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Quiz for Chapter 2 Instructions: Language of the Computer 3.10

Not all questions are of equal difficulty. Please review the entire quiz first and then
budget your time carefully.

Name:

Course:

Solutions in Red

1. [5 points] Prior to the early 1980s, machines were built with more and more complex instruction
set. The MIPS is a RISC machine. Why has there been a move to RISC machines away from complex
instruction machines?

There are number of reasons for the move towards RISC machines away from CISC. Some of them
are:

• Since early computers had limited memory capacities and were expensive, having a CISC
instruction set enabled performing complex operations with very few instructions (encoded
within a smaller memory size compared to a corresponding RISC program). Since then
memories have got cheaper and there has been a lot of advances in the design of cache
hierarchies (for example, a dedicated on-chip instruction cache, prefetching techniques, etc.)
that permit RISC machines work-around longer instruction sequences

• Writing a compiler to generate efficient code is easier for a RISC architecture than for a CISC
architecture as the compiler can take advantage of a lot of registers provided by the RISC
architecture than a CISC

• RISC instructions are easier to pipeline than CISC instructions

2. [5 points] Write the following sequence of code into MIPS assembler:

x = x + y + z - q;

Assume that x, y, z, q are stored in registers $s1-$s4.

The MIPS assembly sequence is as follows:

add $t0, $s1, $s2


add $t1, $t0, $s2
sub $s1, $t1, $s4

3. [10 points] In MIPS assembly, write an assembly language version of the following C code segment:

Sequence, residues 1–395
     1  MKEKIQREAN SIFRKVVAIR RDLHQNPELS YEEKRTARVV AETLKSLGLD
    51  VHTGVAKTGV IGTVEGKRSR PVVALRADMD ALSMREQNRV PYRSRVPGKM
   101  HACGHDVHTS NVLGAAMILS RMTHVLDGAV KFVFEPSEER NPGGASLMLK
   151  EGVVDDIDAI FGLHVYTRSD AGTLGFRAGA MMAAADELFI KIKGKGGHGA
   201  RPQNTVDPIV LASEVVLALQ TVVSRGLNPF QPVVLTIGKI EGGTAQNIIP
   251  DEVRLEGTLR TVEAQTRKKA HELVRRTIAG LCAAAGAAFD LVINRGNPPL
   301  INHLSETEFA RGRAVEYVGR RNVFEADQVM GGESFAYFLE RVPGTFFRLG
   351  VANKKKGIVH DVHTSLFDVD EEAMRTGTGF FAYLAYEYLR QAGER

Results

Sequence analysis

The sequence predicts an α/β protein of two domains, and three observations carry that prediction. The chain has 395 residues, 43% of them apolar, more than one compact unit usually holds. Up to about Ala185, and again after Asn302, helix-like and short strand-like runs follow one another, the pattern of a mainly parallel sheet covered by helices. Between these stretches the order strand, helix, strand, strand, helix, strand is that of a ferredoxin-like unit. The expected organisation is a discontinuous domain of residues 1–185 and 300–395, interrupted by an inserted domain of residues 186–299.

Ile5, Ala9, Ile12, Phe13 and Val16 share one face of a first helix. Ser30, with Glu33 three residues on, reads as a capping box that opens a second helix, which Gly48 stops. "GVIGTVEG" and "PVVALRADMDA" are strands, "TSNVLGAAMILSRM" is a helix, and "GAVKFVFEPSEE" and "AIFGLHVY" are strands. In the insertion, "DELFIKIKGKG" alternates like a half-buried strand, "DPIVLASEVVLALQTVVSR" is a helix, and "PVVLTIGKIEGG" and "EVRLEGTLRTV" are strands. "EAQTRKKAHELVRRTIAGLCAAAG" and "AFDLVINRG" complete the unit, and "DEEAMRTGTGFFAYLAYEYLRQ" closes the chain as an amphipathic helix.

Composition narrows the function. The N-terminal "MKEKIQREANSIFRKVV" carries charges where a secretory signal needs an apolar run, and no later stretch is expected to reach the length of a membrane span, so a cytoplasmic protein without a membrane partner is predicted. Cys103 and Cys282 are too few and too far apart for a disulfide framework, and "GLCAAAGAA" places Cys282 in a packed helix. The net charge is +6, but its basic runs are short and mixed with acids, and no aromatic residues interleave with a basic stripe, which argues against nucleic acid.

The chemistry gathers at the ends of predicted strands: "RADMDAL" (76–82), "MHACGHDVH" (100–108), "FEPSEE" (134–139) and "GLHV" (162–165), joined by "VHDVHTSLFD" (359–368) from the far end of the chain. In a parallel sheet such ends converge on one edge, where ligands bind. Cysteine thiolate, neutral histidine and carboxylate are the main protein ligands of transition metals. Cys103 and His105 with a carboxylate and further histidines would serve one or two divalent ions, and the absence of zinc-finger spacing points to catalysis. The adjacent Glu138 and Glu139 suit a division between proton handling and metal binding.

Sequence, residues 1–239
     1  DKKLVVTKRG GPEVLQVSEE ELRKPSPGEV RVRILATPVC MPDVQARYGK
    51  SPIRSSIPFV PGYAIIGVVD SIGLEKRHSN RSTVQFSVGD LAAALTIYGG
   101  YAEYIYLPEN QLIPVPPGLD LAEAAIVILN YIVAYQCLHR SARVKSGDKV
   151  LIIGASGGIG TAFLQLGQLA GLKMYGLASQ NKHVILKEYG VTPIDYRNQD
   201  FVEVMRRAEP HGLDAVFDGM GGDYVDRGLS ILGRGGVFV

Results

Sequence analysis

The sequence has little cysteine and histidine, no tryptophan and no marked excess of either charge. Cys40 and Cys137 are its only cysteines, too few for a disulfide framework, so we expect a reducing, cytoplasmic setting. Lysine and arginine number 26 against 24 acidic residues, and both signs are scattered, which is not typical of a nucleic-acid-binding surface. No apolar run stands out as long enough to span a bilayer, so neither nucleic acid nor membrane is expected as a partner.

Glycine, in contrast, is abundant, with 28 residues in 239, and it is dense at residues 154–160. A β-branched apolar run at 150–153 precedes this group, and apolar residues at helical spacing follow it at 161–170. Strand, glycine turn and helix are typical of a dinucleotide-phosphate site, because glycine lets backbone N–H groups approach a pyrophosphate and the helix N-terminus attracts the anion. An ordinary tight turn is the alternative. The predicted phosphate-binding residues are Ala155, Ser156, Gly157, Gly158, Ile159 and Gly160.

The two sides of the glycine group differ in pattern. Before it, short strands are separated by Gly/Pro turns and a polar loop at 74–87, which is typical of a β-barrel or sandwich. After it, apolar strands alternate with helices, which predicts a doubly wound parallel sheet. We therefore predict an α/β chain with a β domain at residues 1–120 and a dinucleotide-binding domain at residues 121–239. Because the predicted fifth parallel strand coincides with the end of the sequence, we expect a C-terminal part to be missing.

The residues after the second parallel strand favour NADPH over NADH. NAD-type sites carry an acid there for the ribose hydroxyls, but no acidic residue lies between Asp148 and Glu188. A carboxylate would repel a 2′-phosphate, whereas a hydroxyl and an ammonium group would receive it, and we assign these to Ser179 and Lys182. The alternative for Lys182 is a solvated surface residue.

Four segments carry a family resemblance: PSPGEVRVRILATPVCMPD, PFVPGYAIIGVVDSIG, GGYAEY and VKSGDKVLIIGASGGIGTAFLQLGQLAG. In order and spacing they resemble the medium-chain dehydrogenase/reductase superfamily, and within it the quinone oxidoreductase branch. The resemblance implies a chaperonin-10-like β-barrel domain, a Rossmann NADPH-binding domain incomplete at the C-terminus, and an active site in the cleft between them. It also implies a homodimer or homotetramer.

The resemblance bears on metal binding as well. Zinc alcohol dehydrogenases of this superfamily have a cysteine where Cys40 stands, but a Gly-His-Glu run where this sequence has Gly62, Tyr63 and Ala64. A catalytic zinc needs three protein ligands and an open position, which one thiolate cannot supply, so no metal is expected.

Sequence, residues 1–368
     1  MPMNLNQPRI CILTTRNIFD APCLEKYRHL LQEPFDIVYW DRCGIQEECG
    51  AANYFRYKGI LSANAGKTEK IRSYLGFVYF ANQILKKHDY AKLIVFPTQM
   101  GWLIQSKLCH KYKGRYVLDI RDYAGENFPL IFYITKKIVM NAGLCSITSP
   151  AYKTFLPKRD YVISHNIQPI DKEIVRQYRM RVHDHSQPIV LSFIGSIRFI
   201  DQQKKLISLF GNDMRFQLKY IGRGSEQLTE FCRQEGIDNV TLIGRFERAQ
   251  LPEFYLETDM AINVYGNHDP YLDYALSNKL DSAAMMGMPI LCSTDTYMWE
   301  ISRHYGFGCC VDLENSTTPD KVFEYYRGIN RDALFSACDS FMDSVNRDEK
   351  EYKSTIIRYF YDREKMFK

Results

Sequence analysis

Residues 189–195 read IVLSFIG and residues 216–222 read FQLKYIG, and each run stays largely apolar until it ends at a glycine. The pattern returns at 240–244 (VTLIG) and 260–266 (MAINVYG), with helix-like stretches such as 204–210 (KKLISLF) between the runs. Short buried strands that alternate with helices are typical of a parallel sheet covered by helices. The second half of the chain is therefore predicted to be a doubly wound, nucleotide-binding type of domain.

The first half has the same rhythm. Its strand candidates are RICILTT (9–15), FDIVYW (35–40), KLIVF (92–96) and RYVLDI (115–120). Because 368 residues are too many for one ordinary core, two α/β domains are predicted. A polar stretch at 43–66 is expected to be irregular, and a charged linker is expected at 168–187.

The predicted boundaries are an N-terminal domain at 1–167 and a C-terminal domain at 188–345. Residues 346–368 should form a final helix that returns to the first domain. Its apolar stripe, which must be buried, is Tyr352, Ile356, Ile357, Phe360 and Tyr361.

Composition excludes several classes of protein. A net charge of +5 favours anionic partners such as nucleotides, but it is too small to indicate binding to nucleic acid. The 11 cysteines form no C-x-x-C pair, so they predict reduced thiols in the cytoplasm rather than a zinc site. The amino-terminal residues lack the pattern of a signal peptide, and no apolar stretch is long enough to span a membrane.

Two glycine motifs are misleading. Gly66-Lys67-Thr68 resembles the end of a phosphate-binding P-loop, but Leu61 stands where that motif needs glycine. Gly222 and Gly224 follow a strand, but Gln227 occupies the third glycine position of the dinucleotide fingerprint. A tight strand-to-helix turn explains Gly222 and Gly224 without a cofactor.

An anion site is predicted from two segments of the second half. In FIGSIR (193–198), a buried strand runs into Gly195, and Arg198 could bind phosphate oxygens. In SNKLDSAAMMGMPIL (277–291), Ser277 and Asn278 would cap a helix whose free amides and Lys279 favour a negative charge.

int A[100], B[100];


for (i=1; i < 100; i++) {
A[i] = A[i-1] + B[i];
}

At the beginning of this code segment, the only values in registers are the base address of arrays A and B
in registers $a0 and $a1. Avoid the use of multiplication instructions–they are unnecessary.
Name: _____________________

The MIPS assembly sequence is as follows:

li $t0, 1 # Starting index of i


li $t5, 100 # Loop bound

loop:
lw $t1, 0($a1) # Load A[i-1]
lw $t2, 4($a2) # Load B[i]
add $t3, $t1, $t2 # A[i-1] + B[i]
sw $t3, 4($a1) # A[i] = A[i-1] + B[i]
addi $a1, 4 # Go to i+1
addi $a2, 4 # Go to i+1
addi $t0, 1 # Increment index variable
bne $t0, $t5, loop # Compare with Loop Bound

halt:
nop

4. [6 points] Some machines have a special flag register which contains status bits. These bits often
include the carry and overflow bits. Describe the difference between the functionality of these two bits
and give an example of an arithmetic operation that would lead to them being set to different values.

The carry flag is set when arithmetic operation results in generating a carry bit out of the most
significant bit position of its operand. The overflow flag is set when an arithmetic operation results in
generating a carry bit out of the most significant bit position of the physical register which holds its
operand. An overflow means that the register size is not big enough to hold the result of the current
arithmetic operation while a carry just indicates that the resulting value’s most significant bit position
is higher (or lower in case of a borrow) than its operand by a bit position. When we add two integers:
0x0100 and 0x0110 which are held in 16-bit registers, the result 0x1010 generates a carry but not a
overflow bit.

5. [6 points] The MIPS instruction set includes several shift instructions. They include logical-shift-
left, logical-shift-right, and arithmetic-shift-right. Other architectures only provide an arithmetic-
shift-right instruction.

a) Why doesn’t MIPS offer an “arithmetic-shift-left” opcode?

The logical and arithmetic left shift operations are the same. That is why there is no need for a separate
arithmetic left shift operation.

b) How would you implement in the assembler a logical-shift-left (LSL) pseudo-operation for a
machine that didn’t have this particular instruction? Be sure your LSL instruction can shift up to W-
bits where W is the machine word size in bits.

Logical left shift operation corresponds to multiplication by 2. Implementing

sll $s1, $s2, n

can be done via the following loop:

li $t0, 0
li $t1, n
add $s1, $s2, 0